For centuries winemakers had just a few choices for storage of their wines. Various forms of pottery early on, concrete vessels, and barrels. Barrels come in in many species of wood, but are most commonly made of oak. These oaks are sourced from many areas, in various species and each have their own characteristics in developing flavor profiles in wines. Oak also imparts tannins that adds structure and stabilizes a wines color.
Lately, as the cost of quality barrels has increased as much as 35%. This is due to market pressure from microbreweries, craft distillers and the overall growth of the wine industry in the US. Winemakers have been given many forms of oak alternatives to enhance their wines. They are available in wide range of species, at various toast levels, and come in an endless variety of package sizes. Chips, spirals, beads, powders, stix, in endless variations.
I prefer the Oak Stix, as they are sterile packaged and ensure a clean environment on the shelf. These oak products are proven technologies that are not only employed by home winemakers, but embraced by the commercial wine industry as well. Cost effective storage methods like stainless steel can accommodate the infusion of oak in its various available forms and gain amazing results. Much to the disappointment of some very elite barrel producers, the prestigious Geisenhiem Research Institute of Germany found "no discernable" difference in wines produced in barrels versus wine produced with oak alternatives. Now I am sure that debate will continue for the next thousand years or so, but science says its so.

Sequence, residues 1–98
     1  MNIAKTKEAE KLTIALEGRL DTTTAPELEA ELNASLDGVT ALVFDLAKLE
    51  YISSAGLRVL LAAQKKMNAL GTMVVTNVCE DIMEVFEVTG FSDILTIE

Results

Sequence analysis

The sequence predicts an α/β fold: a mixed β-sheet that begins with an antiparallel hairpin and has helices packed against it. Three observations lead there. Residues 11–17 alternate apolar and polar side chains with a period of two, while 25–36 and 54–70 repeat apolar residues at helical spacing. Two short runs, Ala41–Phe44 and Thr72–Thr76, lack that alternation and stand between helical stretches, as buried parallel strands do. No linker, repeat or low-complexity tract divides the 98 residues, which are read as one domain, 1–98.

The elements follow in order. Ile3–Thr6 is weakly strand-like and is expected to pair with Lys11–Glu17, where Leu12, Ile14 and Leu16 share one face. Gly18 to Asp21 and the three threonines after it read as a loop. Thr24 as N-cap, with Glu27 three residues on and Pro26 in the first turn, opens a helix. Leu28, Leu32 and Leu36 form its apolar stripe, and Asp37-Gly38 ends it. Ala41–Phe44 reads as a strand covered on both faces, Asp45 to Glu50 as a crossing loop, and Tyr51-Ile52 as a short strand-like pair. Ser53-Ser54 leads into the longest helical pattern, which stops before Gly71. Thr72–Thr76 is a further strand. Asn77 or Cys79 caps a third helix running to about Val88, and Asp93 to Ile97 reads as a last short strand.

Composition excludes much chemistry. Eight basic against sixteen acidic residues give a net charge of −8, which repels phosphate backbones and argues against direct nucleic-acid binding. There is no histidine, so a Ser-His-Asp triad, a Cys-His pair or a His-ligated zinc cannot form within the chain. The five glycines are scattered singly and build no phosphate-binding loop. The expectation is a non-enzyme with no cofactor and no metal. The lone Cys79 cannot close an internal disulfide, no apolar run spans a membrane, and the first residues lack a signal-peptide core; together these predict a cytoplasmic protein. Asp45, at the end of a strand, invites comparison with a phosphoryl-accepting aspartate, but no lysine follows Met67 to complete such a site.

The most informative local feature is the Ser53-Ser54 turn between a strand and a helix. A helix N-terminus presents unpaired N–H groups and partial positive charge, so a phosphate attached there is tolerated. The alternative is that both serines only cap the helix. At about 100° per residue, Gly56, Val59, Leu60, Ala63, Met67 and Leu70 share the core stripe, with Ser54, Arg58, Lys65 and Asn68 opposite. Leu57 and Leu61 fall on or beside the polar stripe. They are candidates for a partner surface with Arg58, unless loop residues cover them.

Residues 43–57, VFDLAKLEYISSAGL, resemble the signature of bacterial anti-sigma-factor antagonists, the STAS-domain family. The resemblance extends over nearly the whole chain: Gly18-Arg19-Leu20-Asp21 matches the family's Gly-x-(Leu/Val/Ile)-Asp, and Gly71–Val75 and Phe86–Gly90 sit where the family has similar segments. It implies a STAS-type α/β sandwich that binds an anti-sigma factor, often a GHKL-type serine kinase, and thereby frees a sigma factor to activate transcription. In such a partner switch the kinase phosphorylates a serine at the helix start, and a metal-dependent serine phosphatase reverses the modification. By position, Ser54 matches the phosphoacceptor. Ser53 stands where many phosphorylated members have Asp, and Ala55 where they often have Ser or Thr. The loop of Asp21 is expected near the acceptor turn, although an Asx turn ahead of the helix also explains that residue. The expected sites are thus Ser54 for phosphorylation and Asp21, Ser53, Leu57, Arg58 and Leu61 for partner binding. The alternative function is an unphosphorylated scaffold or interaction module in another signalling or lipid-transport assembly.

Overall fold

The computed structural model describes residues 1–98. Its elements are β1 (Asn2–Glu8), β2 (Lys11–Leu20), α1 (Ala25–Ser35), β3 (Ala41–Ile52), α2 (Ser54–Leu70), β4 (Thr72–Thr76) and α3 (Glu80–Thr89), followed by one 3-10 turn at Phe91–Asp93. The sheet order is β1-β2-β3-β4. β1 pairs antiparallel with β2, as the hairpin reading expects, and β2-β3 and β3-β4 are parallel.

Some home recipes are known to be effective methods of adding oak influence as well. While not legal for commercial wineries, home winemakers readily employ the use of oak extracts.
Here is a recipe I like:
4 ounces of 100 proof vodka
4 ounces of oak chips (your choice)
4 ounces of white wine.
Heat the vodka and white wine to 100 degrees F. Place in a mason jar and add the 4 ounces of oak chips. Allow the chips to steep in the mixture for 30 days. Shake once or twice daily during this time. Strain off the oak chips from the mixture. Add two ounces of this solution in 15 gallons of wine or to taste. Flavor is readily absorbed into the wine and you'll be amazed at the influence of it. If you are entering any competition with your wines, be sure and check the rules for additives or enhancements.
So whether you prefer a barrel, wine stix, spirals or some form of extract, continue to experiment with the various options and discover what results you can achieve in our wines with the wonderful alternatives in oak. Remember.....small trial batches for comparing results and minimizing risks.